Trade Cases

Section 232 Tariffs Cause Turmoil

Written by Sandy Williams

Commerce Secretary Wilbur Ross has made it official—there will be no tariff exemptions for Canada, Mexico, and the European Union.

In a briefing on Thursday, Ross said the tariffs of 25 percent on imports of steel and 10 percent on imports of aluminum will go into effect at midnight. Argentina, Brazil, Australia and South Korea have agreed to voluntary quotas and are excluded from the tariffs.

“The president’s overwhelming objective is to reduce our trade deficit,” Ross said. “We believe this combined package achieves the original objectives that we had set out, which was mainly to constrict the import of steel and aluminum.”       

“As to Canada and Mexico, you will recall that the reason for the deferral had been pending the outcome of the NAFTA talks,” said Ross. “Those talks are taking longer than we had hoped. There is no longer a very precise date when they may be concluded,” so the two countries were added to the tariff list, he said.

If Canada and Mexico choose to take retaliatory measures, it will not affect the ability to keep renegotiating NAFTA as a separate track, he added. “If any of these parties does retaliate, that does not mean there cannot be continuing negotiations,” Ross said. “They’re not mutually exclusive behaviors.”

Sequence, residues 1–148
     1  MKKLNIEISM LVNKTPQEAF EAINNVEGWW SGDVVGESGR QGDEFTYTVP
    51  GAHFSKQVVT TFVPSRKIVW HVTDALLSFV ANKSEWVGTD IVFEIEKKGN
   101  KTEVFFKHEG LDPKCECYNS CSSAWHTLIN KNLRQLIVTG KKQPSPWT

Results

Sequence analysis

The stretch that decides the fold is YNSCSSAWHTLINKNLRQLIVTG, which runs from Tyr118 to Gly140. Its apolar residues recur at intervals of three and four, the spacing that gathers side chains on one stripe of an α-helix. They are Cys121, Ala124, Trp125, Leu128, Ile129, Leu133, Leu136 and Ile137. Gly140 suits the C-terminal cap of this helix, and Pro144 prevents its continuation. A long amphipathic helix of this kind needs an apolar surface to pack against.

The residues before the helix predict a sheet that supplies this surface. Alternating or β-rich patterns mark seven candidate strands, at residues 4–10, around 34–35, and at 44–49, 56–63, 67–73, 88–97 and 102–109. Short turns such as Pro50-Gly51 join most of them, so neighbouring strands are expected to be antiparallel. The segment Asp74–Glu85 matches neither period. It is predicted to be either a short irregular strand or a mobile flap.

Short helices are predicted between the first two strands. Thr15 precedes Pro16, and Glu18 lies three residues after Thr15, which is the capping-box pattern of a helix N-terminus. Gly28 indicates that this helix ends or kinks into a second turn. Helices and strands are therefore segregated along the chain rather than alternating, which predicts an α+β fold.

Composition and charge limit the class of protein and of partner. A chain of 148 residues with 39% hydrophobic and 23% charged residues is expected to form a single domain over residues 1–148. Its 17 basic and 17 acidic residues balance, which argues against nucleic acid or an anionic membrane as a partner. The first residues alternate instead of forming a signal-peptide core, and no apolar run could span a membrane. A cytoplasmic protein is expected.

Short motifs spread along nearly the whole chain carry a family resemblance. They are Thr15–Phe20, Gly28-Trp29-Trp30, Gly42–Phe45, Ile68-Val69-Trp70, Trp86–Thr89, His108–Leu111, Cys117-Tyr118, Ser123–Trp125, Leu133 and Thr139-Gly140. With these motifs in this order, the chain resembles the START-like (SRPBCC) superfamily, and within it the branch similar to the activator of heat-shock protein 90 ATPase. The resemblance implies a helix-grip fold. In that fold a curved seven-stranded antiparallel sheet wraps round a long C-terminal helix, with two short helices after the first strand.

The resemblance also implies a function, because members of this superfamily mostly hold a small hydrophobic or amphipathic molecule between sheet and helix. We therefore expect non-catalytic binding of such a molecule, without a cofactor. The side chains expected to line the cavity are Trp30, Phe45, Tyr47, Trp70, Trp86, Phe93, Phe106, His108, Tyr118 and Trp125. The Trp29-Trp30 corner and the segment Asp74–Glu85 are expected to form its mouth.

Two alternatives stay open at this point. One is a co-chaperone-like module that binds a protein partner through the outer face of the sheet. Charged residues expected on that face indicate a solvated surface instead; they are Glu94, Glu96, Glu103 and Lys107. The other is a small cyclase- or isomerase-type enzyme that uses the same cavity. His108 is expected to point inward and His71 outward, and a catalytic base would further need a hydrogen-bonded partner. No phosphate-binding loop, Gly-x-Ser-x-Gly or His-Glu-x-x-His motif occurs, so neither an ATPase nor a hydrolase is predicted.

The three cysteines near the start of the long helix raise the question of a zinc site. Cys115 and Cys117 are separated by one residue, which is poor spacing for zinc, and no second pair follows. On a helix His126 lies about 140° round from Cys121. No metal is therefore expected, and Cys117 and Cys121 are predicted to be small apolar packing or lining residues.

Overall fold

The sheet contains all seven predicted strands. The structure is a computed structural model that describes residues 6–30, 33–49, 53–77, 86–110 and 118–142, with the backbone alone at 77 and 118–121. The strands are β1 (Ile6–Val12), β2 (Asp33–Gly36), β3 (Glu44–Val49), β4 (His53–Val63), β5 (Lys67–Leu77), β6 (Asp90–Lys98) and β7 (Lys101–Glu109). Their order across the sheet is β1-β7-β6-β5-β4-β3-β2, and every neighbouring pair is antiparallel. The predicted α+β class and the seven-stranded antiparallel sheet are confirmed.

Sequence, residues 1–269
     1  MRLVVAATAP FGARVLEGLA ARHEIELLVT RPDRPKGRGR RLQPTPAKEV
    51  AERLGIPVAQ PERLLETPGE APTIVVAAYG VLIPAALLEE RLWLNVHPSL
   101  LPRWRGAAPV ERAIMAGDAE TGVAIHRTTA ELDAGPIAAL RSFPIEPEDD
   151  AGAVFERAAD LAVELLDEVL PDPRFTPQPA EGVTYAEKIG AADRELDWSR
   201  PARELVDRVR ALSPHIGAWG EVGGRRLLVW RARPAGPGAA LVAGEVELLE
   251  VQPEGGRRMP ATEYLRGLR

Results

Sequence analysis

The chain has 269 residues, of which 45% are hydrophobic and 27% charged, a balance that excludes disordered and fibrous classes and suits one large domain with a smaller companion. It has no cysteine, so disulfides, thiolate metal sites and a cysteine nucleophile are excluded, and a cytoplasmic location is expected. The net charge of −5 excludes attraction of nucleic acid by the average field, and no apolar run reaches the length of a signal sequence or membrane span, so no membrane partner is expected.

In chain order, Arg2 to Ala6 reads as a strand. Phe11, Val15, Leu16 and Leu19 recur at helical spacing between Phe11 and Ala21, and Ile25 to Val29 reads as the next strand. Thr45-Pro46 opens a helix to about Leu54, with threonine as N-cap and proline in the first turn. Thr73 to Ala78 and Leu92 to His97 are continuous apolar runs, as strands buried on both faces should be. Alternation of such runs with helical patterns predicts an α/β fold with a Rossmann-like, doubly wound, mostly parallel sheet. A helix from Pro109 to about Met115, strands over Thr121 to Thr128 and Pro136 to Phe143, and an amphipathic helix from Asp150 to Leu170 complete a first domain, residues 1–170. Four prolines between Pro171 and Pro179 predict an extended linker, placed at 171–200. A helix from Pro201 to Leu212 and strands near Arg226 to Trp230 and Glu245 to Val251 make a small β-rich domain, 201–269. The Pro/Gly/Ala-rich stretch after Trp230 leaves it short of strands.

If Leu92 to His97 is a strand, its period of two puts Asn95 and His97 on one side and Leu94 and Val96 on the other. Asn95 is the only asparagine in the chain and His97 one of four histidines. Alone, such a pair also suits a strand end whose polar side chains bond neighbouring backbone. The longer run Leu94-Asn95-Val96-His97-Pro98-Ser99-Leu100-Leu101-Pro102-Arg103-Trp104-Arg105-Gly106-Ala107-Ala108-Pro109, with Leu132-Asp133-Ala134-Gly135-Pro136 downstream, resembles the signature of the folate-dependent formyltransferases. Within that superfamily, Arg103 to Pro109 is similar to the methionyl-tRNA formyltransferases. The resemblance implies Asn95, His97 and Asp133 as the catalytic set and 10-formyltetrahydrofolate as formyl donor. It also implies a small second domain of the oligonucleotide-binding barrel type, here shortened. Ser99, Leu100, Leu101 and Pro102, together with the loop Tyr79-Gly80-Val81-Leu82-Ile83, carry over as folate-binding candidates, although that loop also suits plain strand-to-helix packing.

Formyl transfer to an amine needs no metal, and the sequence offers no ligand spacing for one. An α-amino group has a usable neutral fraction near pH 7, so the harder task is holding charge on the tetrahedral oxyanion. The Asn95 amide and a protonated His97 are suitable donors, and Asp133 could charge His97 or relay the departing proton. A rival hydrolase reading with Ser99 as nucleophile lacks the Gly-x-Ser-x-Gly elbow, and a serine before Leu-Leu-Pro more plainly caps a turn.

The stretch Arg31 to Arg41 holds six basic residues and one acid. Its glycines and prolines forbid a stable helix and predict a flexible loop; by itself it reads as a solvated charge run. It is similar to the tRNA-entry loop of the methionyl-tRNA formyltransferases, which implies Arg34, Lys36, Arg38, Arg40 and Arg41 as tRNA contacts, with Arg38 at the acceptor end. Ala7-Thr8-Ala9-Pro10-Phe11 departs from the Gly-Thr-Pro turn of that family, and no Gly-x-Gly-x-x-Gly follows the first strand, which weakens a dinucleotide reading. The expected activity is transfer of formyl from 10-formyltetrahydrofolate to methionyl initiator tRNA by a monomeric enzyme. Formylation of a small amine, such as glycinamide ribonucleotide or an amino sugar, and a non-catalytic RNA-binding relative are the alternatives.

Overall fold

In an amended proclamation posted by the White House on May 31, President Trump said no other countries would be exempted at this time. “It is necessary and appropriate, at this time, to maintain the current tariff level as it applies to other countries.”

Retaliation to Tariff Measures

U.S. allies vowed to implement retaliatory measures against the tariffs. Mexico responded by imposing “equivalent” tariffs on imports from the U.S. of flat steel, lamps, pork legs, blueberries, apples, grapes, cheeses and other products. 

Canada Prime Minister Justin Trudeau announced retaliatory measures representing the total value of 2017 exports affected by the U.S. measures—$12.8 billion. There are two lists of products: one for 25 percent tariffs and the other for 10 percent. The measures will include tariffs on imports of steel and aluminum, as well as whiskey, orange juice and other food products.

Said Trudeau, “I want to be very clear about one thing, Americans remain our partners, our allies and our friends. This is not about the American people. We have to believe that at some point common sense will prevail, but we see no sign of that in this action today by the U.S administration.”

Ontario Premier Kathleen Wynne had strong words for Trump during a provincial campaign speech. Wynn called the tariffs short-sighted and urged Trudeau “to take the strongest retaliation possible to protect our workers.”

“I think that we’ve all had just about enough of Donald Trump…. He doesn’t seem to get that his bluster and his bullying are costing people real jobs—in his own country, in Canada and in Ontario,” Wynne said. “I really believe that now the time for talk is done. Donald Trump is a bully and the only way to deal with a bully is to stand up and push back, and we have to do that.”

“Today is a bad day for world trade,” said EU Trade Commissioner Cecilia Malmström.

European Commission President Jean-Claude Juncker reiterated the EU’s belief that the tariffs are unjustified and at odds with World Trade Organization rules. “This is protectionism, pure and simple,” he said, noting that the real problem is overcapacity in the steel sector.